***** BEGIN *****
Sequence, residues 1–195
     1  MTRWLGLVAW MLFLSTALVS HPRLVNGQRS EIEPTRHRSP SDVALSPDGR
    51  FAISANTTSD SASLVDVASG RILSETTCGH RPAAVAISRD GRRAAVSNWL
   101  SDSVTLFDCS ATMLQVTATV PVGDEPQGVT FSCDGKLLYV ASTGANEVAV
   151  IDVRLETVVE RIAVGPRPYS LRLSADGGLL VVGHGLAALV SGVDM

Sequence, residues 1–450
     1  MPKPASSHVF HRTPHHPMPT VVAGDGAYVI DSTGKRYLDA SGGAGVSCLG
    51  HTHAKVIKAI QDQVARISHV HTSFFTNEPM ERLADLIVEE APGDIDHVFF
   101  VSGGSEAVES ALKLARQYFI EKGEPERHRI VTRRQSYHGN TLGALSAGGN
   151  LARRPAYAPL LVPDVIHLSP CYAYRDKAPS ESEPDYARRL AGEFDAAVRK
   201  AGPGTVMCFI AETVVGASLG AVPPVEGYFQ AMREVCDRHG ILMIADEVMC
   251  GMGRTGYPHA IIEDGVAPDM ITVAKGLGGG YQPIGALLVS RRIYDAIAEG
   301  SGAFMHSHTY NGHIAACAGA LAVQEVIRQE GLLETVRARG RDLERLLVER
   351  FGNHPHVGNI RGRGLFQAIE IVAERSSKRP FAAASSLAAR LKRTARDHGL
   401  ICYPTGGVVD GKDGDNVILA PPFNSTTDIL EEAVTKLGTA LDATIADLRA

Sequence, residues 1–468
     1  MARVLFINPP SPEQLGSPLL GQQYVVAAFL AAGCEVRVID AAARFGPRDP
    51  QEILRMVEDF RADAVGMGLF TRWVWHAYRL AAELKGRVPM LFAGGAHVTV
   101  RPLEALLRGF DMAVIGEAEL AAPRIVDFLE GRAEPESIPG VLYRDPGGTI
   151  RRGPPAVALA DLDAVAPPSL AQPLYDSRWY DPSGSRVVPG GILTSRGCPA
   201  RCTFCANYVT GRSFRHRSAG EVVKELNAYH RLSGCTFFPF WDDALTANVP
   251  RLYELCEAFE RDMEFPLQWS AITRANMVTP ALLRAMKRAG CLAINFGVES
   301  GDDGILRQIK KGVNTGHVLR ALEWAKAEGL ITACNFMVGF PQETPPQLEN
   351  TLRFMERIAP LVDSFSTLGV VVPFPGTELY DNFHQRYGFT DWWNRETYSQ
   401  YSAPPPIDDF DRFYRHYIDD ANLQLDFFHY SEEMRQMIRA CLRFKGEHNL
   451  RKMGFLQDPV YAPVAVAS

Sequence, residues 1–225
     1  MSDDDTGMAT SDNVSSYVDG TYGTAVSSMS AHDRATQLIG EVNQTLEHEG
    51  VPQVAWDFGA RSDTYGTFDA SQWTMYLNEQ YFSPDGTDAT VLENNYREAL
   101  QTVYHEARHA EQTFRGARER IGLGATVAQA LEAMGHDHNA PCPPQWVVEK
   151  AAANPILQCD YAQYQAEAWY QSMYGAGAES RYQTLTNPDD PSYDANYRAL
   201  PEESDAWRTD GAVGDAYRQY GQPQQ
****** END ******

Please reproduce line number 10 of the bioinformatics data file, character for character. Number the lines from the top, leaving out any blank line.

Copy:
   151  LARRPAYAPL LVPDVIHLSP CYAYRDKAPS ESEPDYARRL AGEFDAAVRK